Cicero (106–43 BCE): "What old woman is so stupid now as to tremble at those tales of hell which were once so firmly believed in?" Epicurus (341–270 BCE): "Faith is the credulous belief in the reality of phantoms."
Confucius (551 BCE –479 BCE): "Why talk of spirits when you do not understand men?"
Pliny the Elder (23–79 CE): "It is ridiculous to suppose that the great head of things, whatever it may be, pays any regard to human affairs."
Aristotle (384–322 BCE): "Men create gods in their own image."
Atheism is a partner to the freethinking tradition, the rationalist tradition, the naturalist tradition, the secular humanist tradition, and the scientific tradition. It is also a partner to the existential tradition: the tradition of lone individuals experiencing their subjectivity, fallibility, freedom, and mortality. And it is a partner to the truth-telling tradition: the tradition that remarks on the emperor's nakedness, the indecency of tyranny, and the corruption that comes with power. Likewise, it is a partner to the tradition of martyrdom: the tradition of brave individuals sacrificing their lives because they refuse to renounce their convictions.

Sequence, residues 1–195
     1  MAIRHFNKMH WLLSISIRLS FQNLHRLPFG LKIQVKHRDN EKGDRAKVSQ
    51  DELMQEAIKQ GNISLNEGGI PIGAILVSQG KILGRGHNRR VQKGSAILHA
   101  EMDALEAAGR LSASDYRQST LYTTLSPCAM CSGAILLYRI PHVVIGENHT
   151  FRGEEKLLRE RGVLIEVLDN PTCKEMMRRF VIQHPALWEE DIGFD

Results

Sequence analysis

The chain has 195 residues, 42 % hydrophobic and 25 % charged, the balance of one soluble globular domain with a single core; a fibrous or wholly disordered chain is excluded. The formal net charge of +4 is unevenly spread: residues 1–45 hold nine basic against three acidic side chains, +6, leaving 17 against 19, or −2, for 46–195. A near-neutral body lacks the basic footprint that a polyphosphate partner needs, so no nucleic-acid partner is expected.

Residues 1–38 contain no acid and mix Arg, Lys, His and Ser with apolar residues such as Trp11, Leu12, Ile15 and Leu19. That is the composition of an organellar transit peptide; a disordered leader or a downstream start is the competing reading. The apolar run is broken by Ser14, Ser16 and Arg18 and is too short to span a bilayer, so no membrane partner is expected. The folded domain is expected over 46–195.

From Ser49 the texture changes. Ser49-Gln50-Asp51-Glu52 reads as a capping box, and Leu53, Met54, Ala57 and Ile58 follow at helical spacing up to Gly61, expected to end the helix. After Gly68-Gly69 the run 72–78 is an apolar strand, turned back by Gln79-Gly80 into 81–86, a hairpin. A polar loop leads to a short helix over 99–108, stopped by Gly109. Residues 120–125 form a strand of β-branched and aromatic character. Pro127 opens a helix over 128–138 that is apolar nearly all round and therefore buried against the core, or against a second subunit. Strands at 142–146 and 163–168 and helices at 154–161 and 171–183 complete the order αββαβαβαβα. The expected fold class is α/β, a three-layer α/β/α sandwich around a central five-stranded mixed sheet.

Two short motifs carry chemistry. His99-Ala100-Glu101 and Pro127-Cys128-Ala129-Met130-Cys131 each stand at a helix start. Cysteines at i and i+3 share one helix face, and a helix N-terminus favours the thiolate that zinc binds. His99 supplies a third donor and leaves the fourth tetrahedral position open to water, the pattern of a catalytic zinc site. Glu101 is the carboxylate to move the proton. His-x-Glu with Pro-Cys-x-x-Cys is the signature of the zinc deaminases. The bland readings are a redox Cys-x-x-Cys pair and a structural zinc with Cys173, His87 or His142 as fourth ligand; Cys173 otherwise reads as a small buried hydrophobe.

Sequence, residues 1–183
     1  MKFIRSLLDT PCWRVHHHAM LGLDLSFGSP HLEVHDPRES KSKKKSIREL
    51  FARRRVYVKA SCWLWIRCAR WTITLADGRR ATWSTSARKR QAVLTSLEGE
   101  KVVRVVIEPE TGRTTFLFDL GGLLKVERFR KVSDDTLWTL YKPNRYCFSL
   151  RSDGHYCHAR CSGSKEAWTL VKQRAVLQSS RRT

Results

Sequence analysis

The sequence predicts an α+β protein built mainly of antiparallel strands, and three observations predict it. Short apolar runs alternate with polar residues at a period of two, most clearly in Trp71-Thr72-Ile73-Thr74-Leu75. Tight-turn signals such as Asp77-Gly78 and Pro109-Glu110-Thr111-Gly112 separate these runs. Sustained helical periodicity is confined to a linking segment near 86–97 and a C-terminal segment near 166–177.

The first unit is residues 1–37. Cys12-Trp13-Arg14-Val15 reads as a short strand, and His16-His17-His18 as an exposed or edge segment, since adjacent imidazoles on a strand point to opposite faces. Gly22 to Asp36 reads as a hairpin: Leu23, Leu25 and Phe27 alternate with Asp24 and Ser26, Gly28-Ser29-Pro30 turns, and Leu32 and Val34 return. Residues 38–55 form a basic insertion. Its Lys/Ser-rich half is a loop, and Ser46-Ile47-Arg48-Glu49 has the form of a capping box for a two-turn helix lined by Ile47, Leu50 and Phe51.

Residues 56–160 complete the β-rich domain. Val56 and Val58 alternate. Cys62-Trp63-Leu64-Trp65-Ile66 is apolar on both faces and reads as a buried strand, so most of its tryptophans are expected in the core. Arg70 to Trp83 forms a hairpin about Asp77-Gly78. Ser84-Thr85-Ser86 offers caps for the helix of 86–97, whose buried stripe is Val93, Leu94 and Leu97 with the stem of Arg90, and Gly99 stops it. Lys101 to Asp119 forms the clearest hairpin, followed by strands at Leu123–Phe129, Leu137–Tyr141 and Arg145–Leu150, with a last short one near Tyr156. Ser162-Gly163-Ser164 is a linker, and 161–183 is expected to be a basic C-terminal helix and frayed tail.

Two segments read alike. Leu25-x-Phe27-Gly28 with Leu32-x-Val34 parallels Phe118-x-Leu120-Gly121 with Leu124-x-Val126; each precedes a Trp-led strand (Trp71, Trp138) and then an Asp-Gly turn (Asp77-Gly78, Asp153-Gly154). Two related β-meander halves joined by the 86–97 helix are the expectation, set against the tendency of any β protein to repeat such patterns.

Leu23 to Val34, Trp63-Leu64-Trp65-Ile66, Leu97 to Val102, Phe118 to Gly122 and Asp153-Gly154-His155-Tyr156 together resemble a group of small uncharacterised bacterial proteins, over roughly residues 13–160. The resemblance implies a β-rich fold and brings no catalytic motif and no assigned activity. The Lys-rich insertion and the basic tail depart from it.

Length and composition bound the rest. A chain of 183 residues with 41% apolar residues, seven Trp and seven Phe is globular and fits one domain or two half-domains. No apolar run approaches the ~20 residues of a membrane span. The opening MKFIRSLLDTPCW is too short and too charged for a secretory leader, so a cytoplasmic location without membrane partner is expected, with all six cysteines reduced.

Even within the world's religions, freethinking threads have existed since the beginning. This is naturally most true in those religions that do not posit the existence of gods, such as Buddhism, Taoism, and Confucianism. But it is a feature of all religions. Many religious thinkers have argued that it is incumbent on believers to reason clearly, act honorably, and take responsibility for their actions. If you are a believer and don't want to abandon your religious beliefs quite yet, there is still ample reason for you to decide to take responsibility for your actions and to reject religious dogma that makes no sense to you.
Teachers in each of the religious traditions have argued that engaging in the rituals and trappings of religion is no substitute for doing the right thing and taking responsibility. Listen to these three more modern speakers, one a Catholic, one a Protestant, and one a Jew:
Thomas Aquinas (thirteenth-century theologian and philosopher): "The highest manifestation of life consists in this: that a being governs its own actions. A thing that is always subject to the direction of another is somewhat of a dead thing."